For long, it was assumed that the United States had been established as a Christian nation. However, the First Amendment does not refer to God, Jesus or even Christianity for that matter. To understand the Founding Fathers’ stance on religion and religious liberty, it is important to study their own personal beliefs as well. These were mighty leaders, who stood up for freedom of expression and every individual’s right to practice the religion of his choice. If they made a choice to leave out the above mentioned references, it was not without reason. History books and folk tales state that America was an exclusively Christian nation, but there is no actual historical evidence to support the claim. In addition, the Founding Fathers’ views were refuted on the basis that they did not explicitly state that the government and church were to function as distinct entities. However, it must be understood that America was never meant to be a nation standing on the foundations of one particular faith or religion.
A study of available documents from the period, including the speeches and statements made by the succeeding presidents show that the government of the United States was certainly meant to function separately from the Church. The Founding Fathers had years of European history at their disposal; they were perfectly aware of the way Christian governments had snatched away civil and religious liberties from the citizens, forcing them to surrender to supremacy of the Church. A recent interpretation of the Constitution suggests that the Founding Fathers implied freedom from all religion; however, such a claim is outrageous and must be negated. The Founding Fathers were not against religion, nor were they in favor of silencing any expression of religious sentiments. There is no doubt about the fact that religious freedom and the principles of the gospel formed the core of the Constitution, and indirectly that of the United States.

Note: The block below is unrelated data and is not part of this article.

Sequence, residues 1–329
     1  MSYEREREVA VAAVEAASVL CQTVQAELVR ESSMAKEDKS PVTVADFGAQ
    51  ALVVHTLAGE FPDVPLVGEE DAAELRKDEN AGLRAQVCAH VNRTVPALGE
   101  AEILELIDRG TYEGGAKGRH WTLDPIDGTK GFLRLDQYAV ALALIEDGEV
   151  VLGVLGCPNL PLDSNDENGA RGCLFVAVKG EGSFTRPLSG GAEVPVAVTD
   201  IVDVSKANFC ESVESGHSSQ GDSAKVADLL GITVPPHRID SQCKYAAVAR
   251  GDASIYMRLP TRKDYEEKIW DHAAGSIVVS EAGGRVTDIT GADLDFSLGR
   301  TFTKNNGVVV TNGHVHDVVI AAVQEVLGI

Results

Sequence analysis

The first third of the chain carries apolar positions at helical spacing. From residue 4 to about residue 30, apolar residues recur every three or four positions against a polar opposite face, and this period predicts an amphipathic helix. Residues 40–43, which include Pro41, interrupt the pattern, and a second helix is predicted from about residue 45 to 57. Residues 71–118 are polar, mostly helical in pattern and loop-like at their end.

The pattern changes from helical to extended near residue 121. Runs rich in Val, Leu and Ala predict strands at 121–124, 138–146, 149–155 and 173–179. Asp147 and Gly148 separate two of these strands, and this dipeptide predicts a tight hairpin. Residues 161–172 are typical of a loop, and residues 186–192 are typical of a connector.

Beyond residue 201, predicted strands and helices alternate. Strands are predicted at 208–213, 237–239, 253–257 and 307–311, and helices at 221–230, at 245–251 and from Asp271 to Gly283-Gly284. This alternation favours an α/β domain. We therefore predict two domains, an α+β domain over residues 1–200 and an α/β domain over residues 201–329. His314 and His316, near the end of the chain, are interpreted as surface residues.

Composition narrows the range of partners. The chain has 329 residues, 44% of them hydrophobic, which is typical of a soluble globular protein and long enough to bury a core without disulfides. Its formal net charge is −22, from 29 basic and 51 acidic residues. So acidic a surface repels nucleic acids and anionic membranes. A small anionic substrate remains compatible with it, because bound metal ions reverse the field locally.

To understand the interpretations of the Founding Fathers’ views on religious liberty, one must take into consideration Thomas Paine’s statement; he was of the opinion that after America gained independence, the British monarchy lost its hold on the American subjects, who had been suppressed for so long. American liberty was soon followed by freedom of religion and civil liberty. A religious skeptic, Paine wanted to emphasize more on democratic principles of rationality and nature. Thomas Jefferson was of the opinion that an individual should have the liberty to follow whatever religion or faith he pleased, since that was a personal choice and not something that concerned the general public.
Evolution of such interpretations and modern day claims